Fabric Drawstring the Quick Way
The easiest way to get a drawstring is to buy one; any twill tape or ribbon will make great drawstrings. But sometimes you just need one in the exact color and fabric that you like. I found myself in that situation all the time, so I do have some practice making my own.
My secret weapon of making drawstrings is this little guy: a 12 mm (1/2″) bias tape maker (affiliate link). In fact, I have different sizes, but this one makes the drawstring size that I usually need.
Every bias tape maker comes with this little cheat sheet that tells you the width of fabric you should use with the maker. Since we will be folding the bias tape lengthwise again later, a 12 mm (1/2″) bias tape maker will make a 12 mm (1/2″) bias tape, which eventually make a 6 mm (1/4″) wide drawstring.
In terms of fabric selection, be sure to pick something that can be pressed by an iron. You know how sometimes some fabric refuse to be pressed into a sharp crease? Yeah, let’s not use that, or you’ll pull your hair out trying to get it to submit.
In this example, I use a 100% cotton. I actually do not cut my fabric in the bias for this operation. Bias tapes are great for navigating curves because of its flexibility. For drawstrings, that is not necessary. Why waste more fabric if it’s not necessary? Cutting on straight grain is more economical. Sometimes I cut parallel to the selvedge. Sometimes I cut on cross grain, especially if it’s a 60″ (152 cm) wide fabric. The resulting drawstring would be plenty enough for my waist.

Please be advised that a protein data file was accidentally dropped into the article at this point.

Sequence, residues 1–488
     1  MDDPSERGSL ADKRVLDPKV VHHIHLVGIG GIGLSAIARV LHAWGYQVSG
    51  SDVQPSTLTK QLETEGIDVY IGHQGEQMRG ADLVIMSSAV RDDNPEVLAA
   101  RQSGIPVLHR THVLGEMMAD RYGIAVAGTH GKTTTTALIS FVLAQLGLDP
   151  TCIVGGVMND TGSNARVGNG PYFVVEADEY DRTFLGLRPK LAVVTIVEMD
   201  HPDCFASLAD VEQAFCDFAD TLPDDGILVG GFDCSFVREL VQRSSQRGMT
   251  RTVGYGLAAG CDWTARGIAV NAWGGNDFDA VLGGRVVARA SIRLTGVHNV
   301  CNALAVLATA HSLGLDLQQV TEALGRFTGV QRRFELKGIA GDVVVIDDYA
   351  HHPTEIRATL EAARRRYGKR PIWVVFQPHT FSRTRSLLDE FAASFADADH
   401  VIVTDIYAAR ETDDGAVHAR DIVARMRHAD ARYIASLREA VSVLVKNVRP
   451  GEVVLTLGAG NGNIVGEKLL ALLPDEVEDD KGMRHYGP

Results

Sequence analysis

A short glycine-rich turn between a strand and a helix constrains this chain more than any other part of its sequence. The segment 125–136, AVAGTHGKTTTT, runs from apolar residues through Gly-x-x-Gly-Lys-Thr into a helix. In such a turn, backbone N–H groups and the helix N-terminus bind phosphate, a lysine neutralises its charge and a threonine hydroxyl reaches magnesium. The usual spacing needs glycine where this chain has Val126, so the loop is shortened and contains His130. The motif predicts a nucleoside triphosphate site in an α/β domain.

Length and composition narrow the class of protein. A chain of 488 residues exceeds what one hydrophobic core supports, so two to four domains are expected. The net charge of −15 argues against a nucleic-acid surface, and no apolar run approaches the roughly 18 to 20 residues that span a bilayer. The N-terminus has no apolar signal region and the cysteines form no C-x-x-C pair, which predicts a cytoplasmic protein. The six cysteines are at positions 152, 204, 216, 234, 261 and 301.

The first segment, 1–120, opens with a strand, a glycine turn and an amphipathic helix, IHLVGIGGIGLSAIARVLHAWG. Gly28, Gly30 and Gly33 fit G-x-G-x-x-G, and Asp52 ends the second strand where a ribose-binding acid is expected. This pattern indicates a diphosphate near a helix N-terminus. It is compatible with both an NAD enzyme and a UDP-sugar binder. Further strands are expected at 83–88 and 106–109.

In case of this fabric, I can actually tear it. Yes, I tear it. It’s way faster and easier if your fabric is tear-able (not all are). Of course you could go the old fashion way of cutting it with a rotatory cutter or scissors.
I snip a little at the edge to make sure that I start with the actual cross grain.
Then I tear it.
Exhilarating, isn’t it? I love it when they tear fabric in the store too. That makes sure my fabric grain is not crooked.
I then press it nicely, and measure an inch (2.5 mm) plus a tiny little (there will be some loose thread so I account for those by making the tape a little wider).
Then I tear the fabric again and press. I now have a 1″ wide strip.
Even though the strip is not on the bias, you can still use the maker. It’s just the normal way of using it.
Cut a little point at the beginning so it’s easier to feed into the maker.
Feed it into the little gadget.
And press the tape as you pull it out of the other side.
Now your fabric is folded like the bias tape, except not actually on the bias.
Then I fold the tape in half lengthwise and press.
Stitch the tape closed on the open edge. I use my edge stitch foot and it’s a breeze to stitch a line on the edge.
That’s all we need to make the drawstring, but sometimes I like to stitch another line along the other edge, just to make it pretty and balanced.
That’s all. Until next time, keep stitching!
Thank you! Great tutorial. This little trick just made sewing pajama pants super economical. Love it!!
This is my favorite method since I used it for the sash of the Itch to stitch Bonn dress. It has made my sewing life so much easier. The sash or drawstring, whatever the purpose, it looks so crisp! So thank you so much for sharing this great tip!
This is amazing !! And you are amazing ! Great tutorials ! Wow !! Thank you !!
By the way -do you ever do “plus” size patterns ??
Thank you. I hope 2018 is the year and I am working toward that ?
Thank you for this tutorial. As my fabric used for Tierras was a little too soft, I used stitch witchery to maintain the fold of the strip during the process.
That’s a good idea!
I never realized how easy this could be. Thanks for sharing! And I’m going to have to try ripping my fabric. It looks very exhilarating 🙂
Thank you for this clear tutorial. I especially liked the short video-moment when you teared the fabric 🙂